The Afghan Whigs arrived in New York City this weekend for two shows ostensibly as part of their Do To The Beast tour, but also in actual effect to celebrate the continued existence of the Greg Dulli Rhythm and Blues Revue as a living, breathing, thriving concern in the year 2014. Both nights were musical and emotional powerhouses, exceptionally performed and executed, with special moments and surprises. That is saying a lot for a band that always came to take prisoners and never phoned it in.
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I moved to Israel in the summer of 1988. The specific reasons why are complicated and irrelevant now, mostly; I was young and wanted an adventure. I thought it would all work out okay, and it did. Miraculously, despite only knowing how to say “orange juice” in Hebrew, I got a job within two weeks after arriving. The ad in the Jerusalem Post said “Wanted: Young person with good English and interest in popular music.” The job was Label Manager of Warner/Elektra/Atlantic (which included Geffen & MCA at the time), and since I had been stumbling around the music business before I moved to the Middle East, and had good English, I got the job.
Band reunions are tricky, complicated, emotional things. In these days of holograms and reunion tours that go on for 5 years, the concept of accepting that this entity to which you had such an emotional connection, or never got to experience, will never be available to you (either again or for the first time) is unpopular. I never saw the Who with Keith Moon, never got to see Sterling Morrison play guitar on the same stage as Lou Reed, John Cale and Maureen Tucker, never saw the New York Dolls with Johnny Thunders and Arthur Kane. When I was younger these things made me rue my very existence, now that I was older I kick myself but still accept that bands are this amorphous thing and sometimes the universe does not align to put you where you need to be to experience something you want.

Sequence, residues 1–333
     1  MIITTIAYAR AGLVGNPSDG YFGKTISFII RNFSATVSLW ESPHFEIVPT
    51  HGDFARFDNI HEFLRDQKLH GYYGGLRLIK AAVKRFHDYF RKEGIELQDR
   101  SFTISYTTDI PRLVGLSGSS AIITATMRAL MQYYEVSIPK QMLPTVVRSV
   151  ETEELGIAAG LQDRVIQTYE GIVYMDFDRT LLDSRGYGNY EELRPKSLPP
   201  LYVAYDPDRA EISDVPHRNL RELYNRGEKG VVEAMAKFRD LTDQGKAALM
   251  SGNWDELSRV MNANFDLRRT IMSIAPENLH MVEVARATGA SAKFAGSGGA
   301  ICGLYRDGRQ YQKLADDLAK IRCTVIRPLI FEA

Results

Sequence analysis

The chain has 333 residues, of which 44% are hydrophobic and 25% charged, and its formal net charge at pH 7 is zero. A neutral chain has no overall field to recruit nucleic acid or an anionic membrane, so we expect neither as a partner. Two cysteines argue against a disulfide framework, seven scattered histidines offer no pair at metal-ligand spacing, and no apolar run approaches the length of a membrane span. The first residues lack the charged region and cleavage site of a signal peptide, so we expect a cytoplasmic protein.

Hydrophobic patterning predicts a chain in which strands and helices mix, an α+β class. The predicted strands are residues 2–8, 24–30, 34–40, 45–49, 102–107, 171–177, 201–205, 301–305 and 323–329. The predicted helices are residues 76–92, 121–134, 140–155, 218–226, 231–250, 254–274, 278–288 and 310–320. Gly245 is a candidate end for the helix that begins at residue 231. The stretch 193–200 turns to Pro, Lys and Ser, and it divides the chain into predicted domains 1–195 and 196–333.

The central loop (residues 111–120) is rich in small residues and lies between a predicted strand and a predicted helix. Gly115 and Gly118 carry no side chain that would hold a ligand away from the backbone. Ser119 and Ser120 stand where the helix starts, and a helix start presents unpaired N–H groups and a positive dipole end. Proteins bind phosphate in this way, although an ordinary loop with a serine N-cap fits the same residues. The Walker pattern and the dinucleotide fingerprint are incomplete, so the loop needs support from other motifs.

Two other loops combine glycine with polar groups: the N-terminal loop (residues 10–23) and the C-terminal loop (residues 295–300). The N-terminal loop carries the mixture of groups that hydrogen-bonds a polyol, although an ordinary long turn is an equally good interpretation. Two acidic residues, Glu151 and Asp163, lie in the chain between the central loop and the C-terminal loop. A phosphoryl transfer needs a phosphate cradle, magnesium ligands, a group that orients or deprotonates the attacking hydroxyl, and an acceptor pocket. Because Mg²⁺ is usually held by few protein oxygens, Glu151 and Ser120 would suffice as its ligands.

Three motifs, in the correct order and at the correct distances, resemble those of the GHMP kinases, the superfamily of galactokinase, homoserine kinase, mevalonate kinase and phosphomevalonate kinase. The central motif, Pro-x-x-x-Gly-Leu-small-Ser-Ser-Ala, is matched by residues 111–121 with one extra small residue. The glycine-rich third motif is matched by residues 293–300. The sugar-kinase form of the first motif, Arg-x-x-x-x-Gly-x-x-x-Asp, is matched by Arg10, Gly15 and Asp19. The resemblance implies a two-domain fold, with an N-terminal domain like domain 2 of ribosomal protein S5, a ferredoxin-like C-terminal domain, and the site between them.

[/caption] In one of those moments of my life in which I know I am blessed, I was extended the opportunity to see the 2012 Afghan Whigs during dress rehearsal for their Late Night With Jimmy Fallon appearance tonight. It goes without saying, but I will say it in case you are new around these parts: the Whigs are a Top 10 artist for me. I got to work Gentlemen when it came out. I have a long, long history with them (which I will save for another time).
So being able to step through doors and into a studio and see the recombined Afghan Whigs standing there was like walking through the doors of the Emerald City. Everyone looks good; everyone looks well. You would recognize them if you saw them walking down the street, even if the heads are now salt-and-pepper; they would just look like you and your friends. The energy was clear and palpable; these are people who are connected to each other. This isn’t a big payday (although I’m sure it’s not small, and they’re more than entitled to it), so I wasn’t worried that they’d get together if they didn’t genuinely want to be there, but the tangible proof was heartwarming to see.